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How community members and structures can contribute to Universal Health Coverage (UHC)

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By

Elizeus Rutebemberwa

Universal health coverage aims at providing essential quality health care to everybody at affordable cost. People are seen as consumers and health care is seen as a service for which payment has to be made. To increase coverage, government has increased the number of health facilities in an effort to decrease the distance that people need to walk to health facilities but also added on Community Health Workers (CHWs) also called Village Health Teams (VHTs) to bring health care services within the community. This is commendable. However, building more health facilities or recruiting VHTs is more of multiplying the distribution centres for the health care (a service) that the patient (a customer) is to procure. This is the supply side. Sometimes patients do not utilize these services however close they are. Patients need to effectively demand the services. There are community structures which can be used to support UHC in promoting effective demand.

Beyond the individual and household, there is another key partner in the health care seeking – the community to which the sick person belongs. These are what some authors have called the significant others. They will be the ones who will interpret the symptoms and direct the person to where the best services could be got. They will be the ones who will support the sick person in his or her sickness. An elder sister may have to go with an expecting mother. The husband has to mobilize funds for the wife. A mother-in-law may be consulted on the best midwife to go to for delivery. A younger sibling has to come to stay at home while the woman is away. An entire team has to be assembled to keep the essential functions of the family moving.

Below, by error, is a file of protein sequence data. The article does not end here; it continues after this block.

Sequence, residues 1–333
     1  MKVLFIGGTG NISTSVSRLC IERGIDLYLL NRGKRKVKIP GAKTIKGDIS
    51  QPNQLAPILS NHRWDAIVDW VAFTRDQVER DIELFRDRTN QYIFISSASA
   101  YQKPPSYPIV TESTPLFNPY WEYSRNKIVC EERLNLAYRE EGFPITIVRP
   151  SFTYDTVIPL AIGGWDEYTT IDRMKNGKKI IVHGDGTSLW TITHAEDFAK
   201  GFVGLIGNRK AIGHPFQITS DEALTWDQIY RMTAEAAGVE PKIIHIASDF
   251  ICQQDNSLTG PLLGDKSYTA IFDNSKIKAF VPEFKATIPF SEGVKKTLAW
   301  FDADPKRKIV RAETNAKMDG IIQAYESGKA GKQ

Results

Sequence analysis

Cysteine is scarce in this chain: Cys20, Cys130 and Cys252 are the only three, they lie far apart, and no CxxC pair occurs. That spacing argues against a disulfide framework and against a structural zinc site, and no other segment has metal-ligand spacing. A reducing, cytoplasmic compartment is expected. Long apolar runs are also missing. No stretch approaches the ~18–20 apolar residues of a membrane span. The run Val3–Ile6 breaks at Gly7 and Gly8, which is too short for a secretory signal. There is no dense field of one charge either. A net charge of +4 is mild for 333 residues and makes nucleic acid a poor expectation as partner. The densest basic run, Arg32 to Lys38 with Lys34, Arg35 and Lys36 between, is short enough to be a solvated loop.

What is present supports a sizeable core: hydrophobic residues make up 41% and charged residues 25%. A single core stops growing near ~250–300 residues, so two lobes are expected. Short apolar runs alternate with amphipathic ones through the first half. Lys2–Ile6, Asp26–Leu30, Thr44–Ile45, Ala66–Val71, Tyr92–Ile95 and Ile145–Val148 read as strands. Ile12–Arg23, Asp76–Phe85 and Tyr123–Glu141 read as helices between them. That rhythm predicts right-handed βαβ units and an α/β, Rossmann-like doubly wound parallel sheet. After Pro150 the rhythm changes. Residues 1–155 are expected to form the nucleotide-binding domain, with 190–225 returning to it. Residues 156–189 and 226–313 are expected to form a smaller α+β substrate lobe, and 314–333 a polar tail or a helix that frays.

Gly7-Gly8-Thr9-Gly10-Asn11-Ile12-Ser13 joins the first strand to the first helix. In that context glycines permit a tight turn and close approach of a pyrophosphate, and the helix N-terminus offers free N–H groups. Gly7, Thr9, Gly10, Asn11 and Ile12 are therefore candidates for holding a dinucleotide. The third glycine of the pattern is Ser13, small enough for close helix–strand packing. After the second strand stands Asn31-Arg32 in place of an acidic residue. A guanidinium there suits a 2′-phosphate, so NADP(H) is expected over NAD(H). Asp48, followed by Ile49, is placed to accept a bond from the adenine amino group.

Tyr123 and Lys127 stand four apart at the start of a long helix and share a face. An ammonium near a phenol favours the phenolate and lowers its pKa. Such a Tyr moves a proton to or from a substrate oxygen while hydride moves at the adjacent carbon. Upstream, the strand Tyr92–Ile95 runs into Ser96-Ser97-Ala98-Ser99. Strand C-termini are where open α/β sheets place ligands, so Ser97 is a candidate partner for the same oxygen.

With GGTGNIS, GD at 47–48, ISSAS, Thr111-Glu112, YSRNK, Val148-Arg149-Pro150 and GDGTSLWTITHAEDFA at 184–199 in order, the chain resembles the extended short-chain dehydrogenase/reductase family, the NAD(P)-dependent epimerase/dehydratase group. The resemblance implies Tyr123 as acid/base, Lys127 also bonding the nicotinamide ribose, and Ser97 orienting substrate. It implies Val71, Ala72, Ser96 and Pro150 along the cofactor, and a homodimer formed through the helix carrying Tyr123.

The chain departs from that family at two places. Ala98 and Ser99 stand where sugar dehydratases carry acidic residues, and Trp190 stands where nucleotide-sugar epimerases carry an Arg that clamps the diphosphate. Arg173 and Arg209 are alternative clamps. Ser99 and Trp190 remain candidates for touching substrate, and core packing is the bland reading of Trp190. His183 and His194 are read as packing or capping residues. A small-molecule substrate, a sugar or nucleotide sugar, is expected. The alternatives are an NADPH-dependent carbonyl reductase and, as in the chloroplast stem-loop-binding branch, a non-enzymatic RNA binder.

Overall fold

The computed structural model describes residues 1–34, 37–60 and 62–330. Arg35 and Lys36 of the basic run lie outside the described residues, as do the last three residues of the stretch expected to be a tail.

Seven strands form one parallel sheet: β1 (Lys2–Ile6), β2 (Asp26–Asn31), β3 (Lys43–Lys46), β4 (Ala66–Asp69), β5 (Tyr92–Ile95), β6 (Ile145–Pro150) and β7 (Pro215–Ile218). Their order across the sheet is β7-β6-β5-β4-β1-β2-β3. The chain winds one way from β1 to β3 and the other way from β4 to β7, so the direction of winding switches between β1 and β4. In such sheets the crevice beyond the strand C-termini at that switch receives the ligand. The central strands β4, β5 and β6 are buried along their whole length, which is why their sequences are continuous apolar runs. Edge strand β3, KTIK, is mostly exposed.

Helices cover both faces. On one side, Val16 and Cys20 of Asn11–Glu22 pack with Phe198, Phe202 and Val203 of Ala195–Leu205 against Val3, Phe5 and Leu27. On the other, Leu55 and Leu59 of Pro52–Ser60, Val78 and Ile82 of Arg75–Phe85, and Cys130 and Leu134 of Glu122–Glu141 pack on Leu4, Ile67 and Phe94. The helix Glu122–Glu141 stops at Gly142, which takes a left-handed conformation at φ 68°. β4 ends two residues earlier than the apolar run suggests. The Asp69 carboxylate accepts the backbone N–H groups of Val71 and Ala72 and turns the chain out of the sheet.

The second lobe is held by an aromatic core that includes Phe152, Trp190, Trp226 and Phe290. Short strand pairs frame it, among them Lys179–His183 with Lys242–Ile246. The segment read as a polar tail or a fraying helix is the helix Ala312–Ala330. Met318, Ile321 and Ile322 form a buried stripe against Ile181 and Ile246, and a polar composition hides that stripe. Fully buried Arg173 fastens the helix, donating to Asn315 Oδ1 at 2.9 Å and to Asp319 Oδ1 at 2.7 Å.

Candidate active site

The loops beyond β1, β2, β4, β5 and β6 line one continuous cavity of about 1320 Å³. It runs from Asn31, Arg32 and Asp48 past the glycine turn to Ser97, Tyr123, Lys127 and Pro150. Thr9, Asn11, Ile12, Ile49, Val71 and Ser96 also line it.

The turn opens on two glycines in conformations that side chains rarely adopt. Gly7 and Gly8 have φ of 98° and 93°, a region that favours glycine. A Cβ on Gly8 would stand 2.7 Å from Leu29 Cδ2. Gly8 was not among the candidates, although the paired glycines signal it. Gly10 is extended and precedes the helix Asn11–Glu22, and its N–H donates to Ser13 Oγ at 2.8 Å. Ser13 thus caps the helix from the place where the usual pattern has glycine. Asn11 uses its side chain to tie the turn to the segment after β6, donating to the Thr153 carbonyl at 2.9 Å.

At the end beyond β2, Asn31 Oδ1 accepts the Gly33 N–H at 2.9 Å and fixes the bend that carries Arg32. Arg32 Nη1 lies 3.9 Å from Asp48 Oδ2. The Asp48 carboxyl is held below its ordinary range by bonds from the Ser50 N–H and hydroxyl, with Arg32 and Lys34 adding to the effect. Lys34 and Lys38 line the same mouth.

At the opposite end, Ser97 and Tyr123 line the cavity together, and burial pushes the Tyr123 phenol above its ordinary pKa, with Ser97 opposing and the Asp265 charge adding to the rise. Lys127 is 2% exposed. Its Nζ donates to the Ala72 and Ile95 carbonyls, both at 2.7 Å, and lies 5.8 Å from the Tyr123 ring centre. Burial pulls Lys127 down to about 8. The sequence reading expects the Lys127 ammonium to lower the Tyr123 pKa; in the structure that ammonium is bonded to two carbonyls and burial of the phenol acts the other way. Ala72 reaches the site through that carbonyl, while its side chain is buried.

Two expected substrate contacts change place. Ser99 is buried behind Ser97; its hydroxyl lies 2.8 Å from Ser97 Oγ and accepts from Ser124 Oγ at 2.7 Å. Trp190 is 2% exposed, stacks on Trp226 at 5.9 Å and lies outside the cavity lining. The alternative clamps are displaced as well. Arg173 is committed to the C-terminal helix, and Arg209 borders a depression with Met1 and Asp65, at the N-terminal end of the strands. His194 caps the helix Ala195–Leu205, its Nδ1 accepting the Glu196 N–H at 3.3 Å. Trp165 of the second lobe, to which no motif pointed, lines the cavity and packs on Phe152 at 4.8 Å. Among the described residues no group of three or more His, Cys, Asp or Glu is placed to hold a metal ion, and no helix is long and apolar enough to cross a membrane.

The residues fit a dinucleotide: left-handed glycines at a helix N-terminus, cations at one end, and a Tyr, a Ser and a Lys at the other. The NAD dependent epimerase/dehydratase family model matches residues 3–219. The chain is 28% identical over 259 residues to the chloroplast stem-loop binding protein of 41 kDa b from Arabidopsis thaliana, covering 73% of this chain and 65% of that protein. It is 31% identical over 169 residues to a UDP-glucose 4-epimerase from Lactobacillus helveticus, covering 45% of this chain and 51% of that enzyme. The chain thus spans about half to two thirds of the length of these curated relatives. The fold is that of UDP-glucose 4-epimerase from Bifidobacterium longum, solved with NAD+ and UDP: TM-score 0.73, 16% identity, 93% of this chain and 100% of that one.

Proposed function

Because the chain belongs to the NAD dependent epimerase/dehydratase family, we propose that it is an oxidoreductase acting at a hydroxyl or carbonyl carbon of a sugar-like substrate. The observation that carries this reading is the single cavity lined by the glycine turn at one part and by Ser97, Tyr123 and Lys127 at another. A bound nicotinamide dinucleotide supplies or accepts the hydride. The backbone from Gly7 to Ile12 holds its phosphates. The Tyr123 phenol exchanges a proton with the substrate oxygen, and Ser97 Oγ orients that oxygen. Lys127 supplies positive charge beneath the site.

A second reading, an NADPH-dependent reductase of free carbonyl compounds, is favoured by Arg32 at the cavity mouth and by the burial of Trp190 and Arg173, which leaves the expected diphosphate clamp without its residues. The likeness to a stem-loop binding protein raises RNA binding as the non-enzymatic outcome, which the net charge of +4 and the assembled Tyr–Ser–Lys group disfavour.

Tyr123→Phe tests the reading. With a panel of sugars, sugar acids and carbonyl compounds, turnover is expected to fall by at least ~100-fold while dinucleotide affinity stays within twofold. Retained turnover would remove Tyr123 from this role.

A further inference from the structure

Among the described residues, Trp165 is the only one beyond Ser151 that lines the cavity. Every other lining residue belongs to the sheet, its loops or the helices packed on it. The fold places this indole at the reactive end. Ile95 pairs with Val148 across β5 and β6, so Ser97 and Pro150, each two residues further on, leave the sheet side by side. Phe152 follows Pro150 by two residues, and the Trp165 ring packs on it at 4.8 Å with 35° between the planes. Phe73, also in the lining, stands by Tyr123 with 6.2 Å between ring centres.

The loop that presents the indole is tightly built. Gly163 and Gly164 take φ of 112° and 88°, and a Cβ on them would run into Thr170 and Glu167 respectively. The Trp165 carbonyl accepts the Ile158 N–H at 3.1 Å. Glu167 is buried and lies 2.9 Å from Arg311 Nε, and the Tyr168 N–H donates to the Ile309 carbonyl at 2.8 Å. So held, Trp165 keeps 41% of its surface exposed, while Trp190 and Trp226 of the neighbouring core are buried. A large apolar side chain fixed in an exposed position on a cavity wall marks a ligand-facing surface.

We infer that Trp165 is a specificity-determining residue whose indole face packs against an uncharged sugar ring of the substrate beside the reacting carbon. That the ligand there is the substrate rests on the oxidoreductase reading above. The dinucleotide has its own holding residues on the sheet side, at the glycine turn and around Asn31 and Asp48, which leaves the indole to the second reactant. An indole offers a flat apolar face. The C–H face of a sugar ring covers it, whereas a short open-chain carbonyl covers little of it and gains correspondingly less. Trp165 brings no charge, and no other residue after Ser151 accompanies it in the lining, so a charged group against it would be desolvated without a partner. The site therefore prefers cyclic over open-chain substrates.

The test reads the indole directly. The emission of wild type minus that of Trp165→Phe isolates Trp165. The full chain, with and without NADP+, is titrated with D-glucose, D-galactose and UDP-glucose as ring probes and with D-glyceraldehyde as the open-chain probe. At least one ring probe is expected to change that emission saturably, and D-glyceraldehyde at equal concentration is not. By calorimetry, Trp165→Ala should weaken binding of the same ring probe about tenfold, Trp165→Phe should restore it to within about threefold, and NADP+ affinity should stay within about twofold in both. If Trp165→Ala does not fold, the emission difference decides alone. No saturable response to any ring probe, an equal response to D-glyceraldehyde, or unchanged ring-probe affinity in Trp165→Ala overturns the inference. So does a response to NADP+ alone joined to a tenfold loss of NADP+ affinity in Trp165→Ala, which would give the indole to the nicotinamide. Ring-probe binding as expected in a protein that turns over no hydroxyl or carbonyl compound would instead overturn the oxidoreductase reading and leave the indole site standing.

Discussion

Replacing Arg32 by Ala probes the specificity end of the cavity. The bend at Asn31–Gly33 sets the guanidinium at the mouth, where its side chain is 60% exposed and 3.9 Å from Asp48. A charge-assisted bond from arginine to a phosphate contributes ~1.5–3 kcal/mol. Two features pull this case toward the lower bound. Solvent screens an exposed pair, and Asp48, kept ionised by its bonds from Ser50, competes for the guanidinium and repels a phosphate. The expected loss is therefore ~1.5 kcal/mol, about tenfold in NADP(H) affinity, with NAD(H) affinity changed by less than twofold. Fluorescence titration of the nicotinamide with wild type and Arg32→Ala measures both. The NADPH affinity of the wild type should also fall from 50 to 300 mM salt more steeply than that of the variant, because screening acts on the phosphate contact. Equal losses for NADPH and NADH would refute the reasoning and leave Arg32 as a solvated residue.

This process should be supported in helping the person to seek care. It is a process that looks at a patient not as a biological organism whose physiological functions are malfunctioning and need to be corrected by a medical intervention but rather as a social human being who has a family, needs funds for treatment and support while at the hospital, has young children to look after and needs information on where to seek care. This is the work of the community to which the sick person belongs and the community has put there structures to fulfil these functions.

If men are the ones to support their wives to go to hospital, support the men in this endeavour by helping them to save, let them form saving groups to support their wives. They will gladly do it because it is their role. If mothers-in-law are the significant others in whom their daughters-in-law will confide as to places to deliver from; meet the mothers-in-law so that they analyse the challenges of delivery and how they can support their daughters-in-law. If the educated children in the village are consulted on where the community members need to seek care from, give them a forum to talk to the community on appropriate places to seek care from. Creating effective demand is necessary if patients are to receive the quality affordable care. There is need to build on community structures to obtain this demand and complement government efforts towards UHC.

 

The author is Associate Professor of Health Systems at Makerere University School of Public Health

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